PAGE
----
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Stroke Emergency - Signs - Types of Strokes

Updated on April 16, 2015

Stroke Statistics

Strokes are a medical emergencies. Early treatment can minimize the damage to the brain and potential stroke complications. Strokes (also known as CVA’s – Cerebral Vascular Accidents) are the third leading cause of death in America with over 143,579 people dying each year in United States.

It is the leading cause of long term disability also. Out of 795,000 people having strokes, 600,000 are having their first attack, and 185,000 are recurrent attacks. Nearly 75% of strokes happen to people over 65. The risk doubles with each decade after the age of 55.

A stroke occurs when the blood flow is blocked to an area of the brain. This can be from a blood clod or a piece of plaque that breaks off and ends up in the brain which deprives the brain of oxygen and nutrients. The symptoms of a stroke depend on which part of the brain is affected.

A headache may occur, particularly if the stroke is caused by bleeding in the brain.

The headache characteristics are:

  • The headache starts suddenly and may become severe
  • Occurs when lying flat
  • Wakes you up from sleep
  • Gets worse when you change positions or when you bend, strain or cough.

Cerebral Arteries - Healthy and Diseased

Cerebral Artery with healthy and plaque artery pictures courtesy of
Cerebral Artery with healthy and plaque artery pictures courtesy of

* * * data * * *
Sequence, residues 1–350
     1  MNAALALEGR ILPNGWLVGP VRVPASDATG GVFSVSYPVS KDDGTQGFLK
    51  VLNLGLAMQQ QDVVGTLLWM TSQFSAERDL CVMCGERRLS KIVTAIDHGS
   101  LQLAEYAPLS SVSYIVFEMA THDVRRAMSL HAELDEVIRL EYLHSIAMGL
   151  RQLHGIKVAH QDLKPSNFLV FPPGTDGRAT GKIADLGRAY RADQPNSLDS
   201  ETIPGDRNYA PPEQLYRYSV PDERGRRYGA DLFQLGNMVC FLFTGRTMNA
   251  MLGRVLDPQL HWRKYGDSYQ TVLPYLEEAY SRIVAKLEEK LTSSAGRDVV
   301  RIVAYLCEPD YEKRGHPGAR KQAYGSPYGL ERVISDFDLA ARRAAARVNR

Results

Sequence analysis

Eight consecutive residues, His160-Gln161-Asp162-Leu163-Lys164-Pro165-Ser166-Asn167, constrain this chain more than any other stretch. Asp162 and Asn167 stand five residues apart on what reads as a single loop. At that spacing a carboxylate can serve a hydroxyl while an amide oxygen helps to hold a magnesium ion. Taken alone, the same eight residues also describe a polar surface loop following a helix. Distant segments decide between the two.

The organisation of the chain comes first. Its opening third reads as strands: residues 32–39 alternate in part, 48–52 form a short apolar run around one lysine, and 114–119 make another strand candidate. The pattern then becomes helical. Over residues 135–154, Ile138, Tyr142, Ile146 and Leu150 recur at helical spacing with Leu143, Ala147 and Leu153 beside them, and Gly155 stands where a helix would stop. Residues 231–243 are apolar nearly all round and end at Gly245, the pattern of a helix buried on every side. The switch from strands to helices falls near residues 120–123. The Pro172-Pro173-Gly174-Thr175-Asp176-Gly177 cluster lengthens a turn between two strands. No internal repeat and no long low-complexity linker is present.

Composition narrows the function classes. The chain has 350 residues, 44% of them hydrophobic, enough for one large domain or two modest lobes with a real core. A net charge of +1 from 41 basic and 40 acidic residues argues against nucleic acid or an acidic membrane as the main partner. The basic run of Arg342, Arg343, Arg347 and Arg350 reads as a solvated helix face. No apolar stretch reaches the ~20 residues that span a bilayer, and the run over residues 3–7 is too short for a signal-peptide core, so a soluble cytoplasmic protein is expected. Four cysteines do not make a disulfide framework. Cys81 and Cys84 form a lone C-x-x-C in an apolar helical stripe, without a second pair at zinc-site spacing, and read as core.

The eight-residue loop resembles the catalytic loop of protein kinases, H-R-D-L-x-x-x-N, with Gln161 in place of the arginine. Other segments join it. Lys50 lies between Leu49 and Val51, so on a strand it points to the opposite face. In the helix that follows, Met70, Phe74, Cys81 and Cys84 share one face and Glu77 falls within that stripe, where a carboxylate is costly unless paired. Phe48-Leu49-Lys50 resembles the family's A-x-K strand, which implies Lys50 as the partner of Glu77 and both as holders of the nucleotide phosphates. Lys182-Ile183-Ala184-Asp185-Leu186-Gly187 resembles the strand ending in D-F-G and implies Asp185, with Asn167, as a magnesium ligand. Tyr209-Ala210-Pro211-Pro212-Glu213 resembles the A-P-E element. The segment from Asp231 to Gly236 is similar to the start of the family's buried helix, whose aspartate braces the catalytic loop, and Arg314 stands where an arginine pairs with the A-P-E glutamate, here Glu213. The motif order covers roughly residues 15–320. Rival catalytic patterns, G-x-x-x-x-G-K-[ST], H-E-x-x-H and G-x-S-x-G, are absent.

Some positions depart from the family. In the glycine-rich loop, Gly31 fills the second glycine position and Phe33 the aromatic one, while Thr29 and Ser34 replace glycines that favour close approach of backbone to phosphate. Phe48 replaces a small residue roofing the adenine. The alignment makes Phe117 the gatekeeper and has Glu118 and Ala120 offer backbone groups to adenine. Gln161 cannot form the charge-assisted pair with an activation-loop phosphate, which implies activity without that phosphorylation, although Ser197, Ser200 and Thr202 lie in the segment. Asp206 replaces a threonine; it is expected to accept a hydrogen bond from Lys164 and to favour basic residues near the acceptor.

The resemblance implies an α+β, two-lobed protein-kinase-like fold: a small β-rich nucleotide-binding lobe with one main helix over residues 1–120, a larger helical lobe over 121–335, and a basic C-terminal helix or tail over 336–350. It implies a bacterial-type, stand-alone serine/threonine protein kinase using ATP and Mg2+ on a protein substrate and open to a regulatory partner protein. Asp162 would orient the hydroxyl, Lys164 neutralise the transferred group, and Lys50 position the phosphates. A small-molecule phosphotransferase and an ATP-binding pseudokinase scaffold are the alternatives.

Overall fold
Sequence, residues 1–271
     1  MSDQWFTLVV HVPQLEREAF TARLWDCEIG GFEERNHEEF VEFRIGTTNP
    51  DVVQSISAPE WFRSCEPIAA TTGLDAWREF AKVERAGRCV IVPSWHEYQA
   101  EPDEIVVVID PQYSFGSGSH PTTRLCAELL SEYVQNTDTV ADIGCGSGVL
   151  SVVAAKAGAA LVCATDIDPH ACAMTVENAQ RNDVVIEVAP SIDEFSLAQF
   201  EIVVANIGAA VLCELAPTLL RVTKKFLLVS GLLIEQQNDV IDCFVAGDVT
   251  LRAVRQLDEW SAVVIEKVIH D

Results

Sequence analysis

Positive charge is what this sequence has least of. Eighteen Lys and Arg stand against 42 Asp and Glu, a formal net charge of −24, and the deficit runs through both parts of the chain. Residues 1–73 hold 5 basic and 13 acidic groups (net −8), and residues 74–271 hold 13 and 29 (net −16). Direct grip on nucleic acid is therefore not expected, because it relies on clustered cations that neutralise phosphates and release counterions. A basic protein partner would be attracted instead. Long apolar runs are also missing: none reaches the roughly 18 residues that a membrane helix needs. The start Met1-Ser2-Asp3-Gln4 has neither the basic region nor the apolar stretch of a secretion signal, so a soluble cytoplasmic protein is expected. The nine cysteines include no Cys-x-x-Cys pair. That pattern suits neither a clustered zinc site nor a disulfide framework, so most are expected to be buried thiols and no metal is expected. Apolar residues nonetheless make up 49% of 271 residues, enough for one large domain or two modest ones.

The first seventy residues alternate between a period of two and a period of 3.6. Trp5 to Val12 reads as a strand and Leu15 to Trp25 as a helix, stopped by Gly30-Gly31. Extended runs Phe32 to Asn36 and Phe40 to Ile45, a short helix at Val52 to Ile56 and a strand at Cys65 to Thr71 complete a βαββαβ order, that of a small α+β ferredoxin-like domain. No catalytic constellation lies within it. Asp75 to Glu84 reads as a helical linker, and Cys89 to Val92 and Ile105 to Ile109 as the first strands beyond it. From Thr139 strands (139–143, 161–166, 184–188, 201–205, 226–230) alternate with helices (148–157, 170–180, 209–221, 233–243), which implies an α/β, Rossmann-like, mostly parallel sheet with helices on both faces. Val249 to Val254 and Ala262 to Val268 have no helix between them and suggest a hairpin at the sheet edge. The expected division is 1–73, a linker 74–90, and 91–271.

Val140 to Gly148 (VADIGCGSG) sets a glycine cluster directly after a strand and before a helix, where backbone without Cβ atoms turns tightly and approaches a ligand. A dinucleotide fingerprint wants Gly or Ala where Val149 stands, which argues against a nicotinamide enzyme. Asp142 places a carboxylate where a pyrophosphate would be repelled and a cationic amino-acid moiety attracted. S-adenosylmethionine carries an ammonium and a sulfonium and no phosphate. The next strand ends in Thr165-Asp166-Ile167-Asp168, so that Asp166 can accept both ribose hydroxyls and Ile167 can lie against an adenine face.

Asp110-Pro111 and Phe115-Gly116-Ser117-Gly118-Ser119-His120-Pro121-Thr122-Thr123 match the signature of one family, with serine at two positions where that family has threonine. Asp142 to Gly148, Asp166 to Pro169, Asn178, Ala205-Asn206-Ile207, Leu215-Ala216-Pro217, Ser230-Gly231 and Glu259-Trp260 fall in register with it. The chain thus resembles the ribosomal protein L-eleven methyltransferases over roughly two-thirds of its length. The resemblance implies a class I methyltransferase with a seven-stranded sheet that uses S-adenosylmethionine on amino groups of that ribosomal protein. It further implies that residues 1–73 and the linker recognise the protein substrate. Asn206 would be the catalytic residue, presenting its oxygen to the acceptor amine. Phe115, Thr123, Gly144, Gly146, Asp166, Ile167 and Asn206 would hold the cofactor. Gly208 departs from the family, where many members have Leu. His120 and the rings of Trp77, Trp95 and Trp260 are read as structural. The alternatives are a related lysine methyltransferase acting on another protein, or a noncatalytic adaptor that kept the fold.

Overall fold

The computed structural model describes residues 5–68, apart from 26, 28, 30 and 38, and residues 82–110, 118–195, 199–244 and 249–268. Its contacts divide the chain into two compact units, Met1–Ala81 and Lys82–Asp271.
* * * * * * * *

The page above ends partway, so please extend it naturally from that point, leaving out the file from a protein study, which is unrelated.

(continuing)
Plague in Artery

Courtesy of
Courtesy of

Stroke Symptoms

There are particular signs to watch for if you think you or someone else is having a stroke:

  • Walking- You may be suddenly dizzy and stumble, have a loss of balance and/or coordination.
  • Speaking – You speech may become garbled or not be able to come up with the words to explain what is happening to you (called aphasia). Try to repeat a simple sentence and if you aren’t able you may be having a stroke.
  • Paralysis or numbness on one side of the body - The numbness or weakness may have a sudden onset just on one side of the body. Try to raise both hands over your head at the same time. If one arm starts to fall this is a sign of a stroke.
  • Visual problems – You may have sudden blurred or blackened vision, or see double.
  • Headache – Sudden, severe headache or sometimes an unusual headache that is accompanied by a stiff neck, facial pain, pain between your eyes, vomiting or altered consciousness might be indicators of a stroke.

Great Explanation of Stroke Physiology

Cerebellum Stroke

Courtesy of
Courtesy of

Right Sided Stroke


Left Sided Storke

Courtesy of
Courtesy of

Steps to Follow if You are With Someone Having a Stroke

Usually strokes give no warning, but some people do have one or more TIA’s (Transient Ischemia Attacks) which is an episode of stroke symptoms lasting typically for just a brief period of time (a few minutes up to 24 hours). This is a serious sign of a possible impending stroke; get medical help immediately. While a TIA may seem like a passing event it is an important warning sign. If you are with someone who is having a stroke call 911 immediately, then watch for their breathing and use mouth to mouth resuscitation if necessary; if they vomit turn their head to the side to prevent choking and don’t let the person drink anything.